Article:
7 SEO Best Practices for Optimizing URL Slugs

A Uniform Resource Locator, or URL as commonly known, represents a webpage’s address on the internet.

In the distant past, where evil blackhat SEO wizards reigned & cackled, keywords in the URL were far more important of a ranking factor. This led to a snowball effect in some cases so that popular domains today often have keywords. However, it matters negligibly now.

Consider how badly Amazon’s URLs look yet how well their pages rank organically. Messy URLs irk many in digital marketing but are ignored by most users. Even the assumed SEO value through keywords may not exist for ‘naked’ URLs.

A URL has several parts. These include the protocol or scheme, host, top-level & 2nd-level domain names, possible subdomain, subdirectories or subfolders, slugs, anchors/fragments (#) and query strings (?). We’ll focus on the slug at the end and everything after that should explain the page’s content.

SEO best practices for URL slugs should emphasize User Experience (UX), so ideally having a logical hierarchy alongside ease of understanding & recall:

  1. Avoid stop words, which provide little value toward understanding what a page is about. Communicate your message in a short & brief keyword-rich statement. Strange & long URLs may be confusing or distrusted.
  2. URLs are case-sensitive. As a general practice, it’s best to redirect to lowercase versions as the default for consistency. Especially with Uppercase , this consolidates links that may differ otherwise.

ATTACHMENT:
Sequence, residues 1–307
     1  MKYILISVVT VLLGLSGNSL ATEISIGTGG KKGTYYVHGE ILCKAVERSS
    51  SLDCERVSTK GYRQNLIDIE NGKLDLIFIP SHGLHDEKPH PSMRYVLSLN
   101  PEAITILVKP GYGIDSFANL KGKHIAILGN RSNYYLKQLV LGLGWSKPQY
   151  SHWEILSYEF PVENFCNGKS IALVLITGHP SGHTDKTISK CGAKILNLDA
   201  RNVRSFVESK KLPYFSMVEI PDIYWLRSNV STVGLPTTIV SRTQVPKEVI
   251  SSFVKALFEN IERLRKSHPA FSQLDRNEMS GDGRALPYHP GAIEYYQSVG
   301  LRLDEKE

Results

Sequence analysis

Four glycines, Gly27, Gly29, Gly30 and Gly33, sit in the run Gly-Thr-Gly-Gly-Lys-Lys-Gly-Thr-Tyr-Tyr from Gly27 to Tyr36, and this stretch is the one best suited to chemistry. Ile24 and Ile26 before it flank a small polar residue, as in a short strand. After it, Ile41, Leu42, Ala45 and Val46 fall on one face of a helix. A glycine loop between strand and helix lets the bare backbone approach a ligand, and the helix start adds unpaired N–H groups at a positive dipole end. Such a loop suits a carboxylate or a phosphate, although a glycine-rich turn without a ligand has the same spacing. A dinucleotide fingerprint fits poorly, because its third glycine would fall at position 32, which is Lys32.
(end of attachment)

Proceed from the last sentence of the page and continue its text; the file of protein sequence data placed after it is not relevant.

3. Trailing vs. non-trailing slashes don’t matter at all from a search engine perspective. However, users may expect trailing slashes to indicate that it’s a container with additional items.
  4. Avoid using underscores, which cannot be seen with a link is underlined when hovered. Use hyphens instead.
  5. A breadcrumb trail in the search engine result exists separately from the URL. Therefore, this can be a great way to clean up URLs, in search results at least.
  6. A weird URL is possibly not worth a 301 redirect unless very unusable, as it may slightly dilute link equity despite official calls saying otherwise.
  7. Large sites should consider defining URL parameters for Google. Otherwise, the authority for a page may be spread of countless near-duplicate pages.

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